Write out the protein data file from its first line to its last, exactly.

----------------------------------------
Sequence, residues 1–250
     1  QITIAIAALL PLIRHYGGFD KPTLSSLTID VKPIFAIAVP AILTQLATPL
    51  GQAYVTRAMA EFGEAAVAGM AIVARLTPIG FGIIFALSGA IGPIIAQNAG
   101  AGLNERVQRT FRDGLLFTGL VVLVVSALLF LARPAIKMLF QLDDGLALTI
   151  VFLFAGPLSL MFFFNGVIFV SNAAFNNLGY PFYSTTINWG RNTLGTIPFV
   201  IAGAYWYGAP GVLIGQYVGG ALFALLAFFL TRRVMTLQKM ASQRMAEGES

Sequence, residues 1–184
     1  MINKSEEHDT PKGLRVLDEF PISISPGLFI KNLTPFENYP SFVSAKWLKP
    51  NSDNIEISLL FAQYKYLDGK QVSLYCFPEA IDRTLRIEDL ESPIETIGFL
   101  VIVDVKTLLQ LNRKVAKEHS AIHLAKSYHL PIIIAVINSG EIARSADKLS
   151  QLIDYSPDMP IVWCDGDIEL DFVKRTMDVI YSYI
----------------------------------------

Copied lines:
Sequence, residues 1–250
     1  QITIAIAALL PLIRHYGGFD KPTLSSLTID VKPIFAIAVP AILTQLATPL
    51  GQAYVTRAMA EFGEAAVAGM AIVARLTPIG FGIIFALSGA IGPIIAQNAG
   101  AGLNERVQRT FRDGLLFTGL VVLVVSALLF LARPAIKMLF QLDDGLALTI
   151  VFLFAGPLSL MFFFNGVIFV SNAAFNNLGY PFYSTTINWG RNTLGTIPFV
   201  IAGAYWYGAP GVLIGQYVGG ALFALLAFFL TRRVMTLQKM ASQRMAEGES

Sequence, residues 1–184
     1  MINKSEEHDT PKGLRVLDEF PISISPGLFI KNLTPFENYP SFVSAKWLKP
    51  NSDNIEISLL FAQYKYLDGK QVSLYCFPEA IDRTLRIEDL ESPIETIGFL
   101  VIVDVKTLLQ LNRKVAKEHS AIHLAKSYHL PIIIAVINSG EIARSADKLS
   151  QLIDYSPDMP IVWCDGDIEL DFVKRTMDVI YSYI